When people take a balloon trip from Bristol, they tend to focus initially on what can be seen in the city. This is unsurprising because Bristol has a special heritage.
The city’s long history has left a legacy of interesting buildings and tourists tend to get excited at some of the spectacular views they can obtain of the place.
However, the region around Bristol is of genuine interest too. People can appreciate the experience of a balloon trip for its exhilarating moments, but they may get additional pleasure if they identify landmarks from above. The natural scenery is also a source of wonder for many tourists when the weather turns out well.
Berkeley Castle is located north of Bristol. The structure is lived in to this day and it is the English castle which has been inhabited for the longest period of time. Viewing it from the air can be a special prelude to a visit by other means. Tours can sometimes be arranged, depending on the demand from other tourists and the specific time of year in question.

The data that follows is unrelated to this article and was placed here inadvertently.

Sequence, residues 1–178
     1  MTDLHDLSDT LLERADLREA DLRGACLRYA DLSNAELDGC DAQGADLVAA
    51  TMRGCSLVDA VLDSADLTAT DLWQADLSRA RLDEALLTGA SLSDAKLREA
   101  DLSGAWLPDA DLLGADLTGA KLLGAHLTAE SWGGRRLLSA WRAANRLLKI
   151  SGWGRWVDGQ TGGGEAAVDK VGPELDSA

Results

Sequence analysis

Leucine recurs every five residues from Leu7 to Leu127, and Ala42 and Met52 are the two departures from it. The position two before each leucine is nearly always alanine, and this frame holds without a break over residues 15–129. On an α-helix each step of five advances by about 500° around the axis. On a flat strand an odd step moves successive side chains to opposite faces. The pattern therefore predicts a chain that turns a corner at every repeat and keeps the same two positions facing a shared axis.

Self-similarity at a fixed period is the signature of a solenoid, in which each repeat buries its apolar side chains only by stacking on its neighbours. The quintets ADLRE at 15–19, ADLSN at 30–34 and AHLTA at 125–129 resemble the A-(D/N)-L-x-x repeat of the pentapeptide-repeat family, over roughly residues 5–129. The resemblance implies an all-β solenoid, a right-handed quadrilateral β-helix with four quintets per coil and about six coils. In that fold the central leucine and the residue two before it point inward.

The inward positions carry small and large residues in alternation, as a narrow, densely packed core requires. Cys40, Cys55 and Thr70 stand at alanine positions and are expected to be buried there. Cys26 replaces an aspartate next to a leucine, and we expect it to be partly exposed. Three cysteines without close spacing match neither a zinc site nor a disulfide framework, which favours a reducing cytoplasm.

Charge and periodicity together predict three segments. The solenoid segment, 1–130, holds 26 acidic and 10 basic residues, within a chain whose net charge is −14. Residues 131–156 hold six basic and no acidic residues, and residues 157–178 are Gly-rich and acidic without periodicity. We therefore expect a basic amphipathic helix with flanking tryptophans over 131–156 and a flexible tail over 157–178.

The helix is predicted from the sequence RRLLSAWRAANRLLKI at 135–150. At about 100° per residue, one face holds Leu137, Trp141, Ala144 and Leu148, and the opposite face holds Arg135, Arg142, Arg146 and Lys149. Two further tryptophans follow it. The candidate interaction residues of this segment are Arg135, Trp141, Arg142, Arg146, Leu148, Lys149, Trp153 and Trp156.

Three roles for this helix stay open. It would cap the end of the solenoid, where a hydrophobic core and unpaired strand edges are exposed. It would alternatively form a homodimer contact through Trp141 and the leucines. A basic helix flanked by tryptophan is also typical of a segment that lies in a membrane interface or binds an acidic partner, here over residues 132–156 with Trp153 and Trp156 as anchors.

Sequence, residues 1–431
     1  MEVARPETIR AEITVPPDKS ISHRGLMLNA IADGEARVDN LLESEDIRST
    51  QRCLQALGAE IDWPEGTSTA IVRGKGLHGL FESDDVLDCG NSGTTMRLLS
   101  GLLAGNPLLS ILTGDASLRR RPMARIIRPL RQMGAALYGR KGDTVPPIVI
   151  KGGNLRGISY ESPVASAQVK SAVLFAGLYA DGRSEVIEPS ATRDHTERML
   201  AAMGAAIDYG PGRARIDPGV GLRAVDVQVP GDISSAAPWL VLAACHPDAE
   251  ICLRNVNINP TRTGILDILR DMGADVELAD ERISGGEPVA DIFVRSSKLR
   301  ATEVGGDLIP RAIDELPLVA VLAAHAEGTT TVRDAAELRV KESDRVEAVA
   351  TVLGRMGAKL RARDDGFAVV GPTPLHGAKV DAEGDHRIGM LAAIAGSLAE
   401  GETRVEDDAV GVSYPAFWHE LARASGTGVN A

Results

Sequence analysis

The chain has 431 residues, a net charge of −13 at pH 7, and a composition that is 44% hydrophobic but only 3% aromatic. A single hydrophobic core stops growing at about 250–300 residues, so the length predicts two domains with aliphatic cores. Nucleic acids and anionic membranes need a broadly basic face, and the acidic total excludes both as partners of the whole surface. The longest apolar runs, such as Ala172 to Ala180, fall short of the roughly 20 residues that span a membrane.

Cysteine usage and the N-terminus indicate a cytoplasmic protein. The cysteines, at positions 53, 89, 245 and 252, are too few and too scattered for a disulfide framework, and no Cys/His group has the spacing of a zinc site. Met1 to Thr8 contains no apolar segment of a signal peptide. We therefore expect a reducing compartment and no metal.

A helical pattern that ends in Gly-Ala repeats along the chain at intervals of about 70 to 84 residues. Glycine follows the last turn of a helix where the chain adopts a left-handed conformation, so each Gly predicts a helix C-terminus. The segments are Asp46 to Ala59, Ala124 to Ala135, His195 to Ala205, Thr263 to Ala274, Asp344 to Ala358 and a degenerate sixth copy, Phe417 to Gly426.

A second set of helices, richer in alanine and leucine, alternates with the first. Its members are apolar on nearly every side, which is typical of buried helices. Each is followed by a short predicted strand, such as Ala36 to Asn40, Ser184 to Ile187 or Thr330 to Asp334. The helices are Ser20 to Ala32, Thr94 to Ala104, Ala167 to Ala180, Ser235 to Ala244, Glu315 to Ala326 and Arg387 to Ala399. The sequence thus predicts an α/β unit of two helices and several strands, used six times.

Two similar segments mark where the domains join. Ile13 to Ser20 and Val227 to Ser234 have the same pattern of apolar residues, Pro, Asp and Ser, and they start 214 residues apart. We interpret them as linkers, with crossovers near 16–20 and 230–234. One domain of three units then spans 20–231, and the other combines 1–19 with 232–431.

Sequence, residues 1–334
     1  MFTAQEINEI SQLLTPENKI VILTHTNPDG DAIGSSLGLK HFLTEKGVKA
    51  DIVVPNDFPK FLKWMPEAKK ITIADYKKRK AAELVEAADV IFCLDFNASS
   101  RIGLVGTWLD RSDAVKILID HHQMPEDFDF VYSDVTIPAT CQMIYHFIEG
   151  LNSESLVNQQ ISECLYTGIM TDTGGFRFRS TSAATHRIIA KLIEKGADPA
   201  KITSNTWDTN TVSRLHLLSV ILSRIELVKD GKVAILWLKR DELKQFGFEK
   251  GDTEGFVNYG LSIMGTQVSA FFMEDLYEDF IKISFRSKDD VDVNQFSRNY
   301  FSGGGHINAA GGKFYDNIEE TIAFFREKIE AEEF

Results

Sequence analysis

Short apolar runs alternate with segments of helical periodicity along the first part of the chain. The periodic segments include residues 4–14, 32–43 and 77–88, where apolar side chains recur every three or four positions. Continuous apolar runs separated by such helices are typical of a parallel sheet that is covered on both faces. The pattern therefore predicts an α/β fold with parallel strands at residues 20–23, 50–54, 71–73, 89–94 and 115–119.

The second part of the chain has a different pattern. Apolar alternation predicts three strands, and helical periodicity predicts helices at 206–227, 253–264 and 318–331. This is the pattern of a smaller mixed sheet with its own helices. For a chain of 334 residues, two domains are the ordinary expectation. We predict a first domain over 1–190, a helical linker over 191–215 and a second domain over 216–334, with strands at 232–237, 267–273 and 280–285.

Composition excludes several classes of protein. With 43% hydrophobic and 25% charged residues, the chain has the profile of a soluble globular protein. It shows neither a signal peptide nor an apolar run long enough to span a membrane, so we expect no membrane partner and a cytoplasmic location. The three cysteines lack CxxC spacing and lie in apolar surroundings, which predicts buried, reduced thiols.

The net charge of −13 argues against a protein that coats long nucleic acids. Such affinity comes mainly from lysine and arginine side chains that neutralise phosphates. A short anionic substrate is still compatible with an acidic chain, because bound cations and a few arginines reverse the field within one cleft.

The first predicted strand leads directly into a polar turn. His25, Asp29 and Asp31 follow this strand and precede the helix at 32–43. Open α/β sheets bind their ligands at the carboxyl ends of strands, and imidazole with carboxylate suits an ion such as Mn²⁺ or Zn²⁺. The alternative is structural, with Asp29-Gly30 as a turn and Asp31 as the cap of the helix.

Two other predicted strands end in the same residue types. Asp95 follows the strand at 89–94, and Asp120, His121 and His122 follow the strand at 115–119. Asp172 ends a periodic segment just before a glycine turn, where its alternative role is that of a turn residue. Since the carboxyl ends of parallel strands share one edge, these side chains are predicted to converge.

The Mendip Hills can improve the view from a balloon in the right weather conditions. If a balloon flies over them then it might be possible for its passengers to get a glimpse of Cheddar Gorge. This spectacular piece of natural landscape contains a view of a gap which must have been caused by erosion by water. However, not all the gorge currently contains a river. The gorge is situated approximately 21 miles away from Bristol.
Part of the Mendip Hills has been categorised as an Area of Outstanding Natural Beauty and this status gives them a special attractiveness. This is because any unsightly development has been restricted, much as if the area had been made into a national park.
The Clifton Suspension Bridge is not far from Bristol. It may be spotted with ease from above. The visitor centre might prove more difficult to pick out from its background than the bridge. This is because Leigh Woods could obscure the building from above.
The railway in the Avon Valley is also worth identifying if the opportunity arises. It is located inland from Bristol and is at least six miles long. Bitton Station is located at the midway point between Bath and Bristol. It possesses its own seats, shop and garden, which may heighten its visibility from the vantage point of a balloon.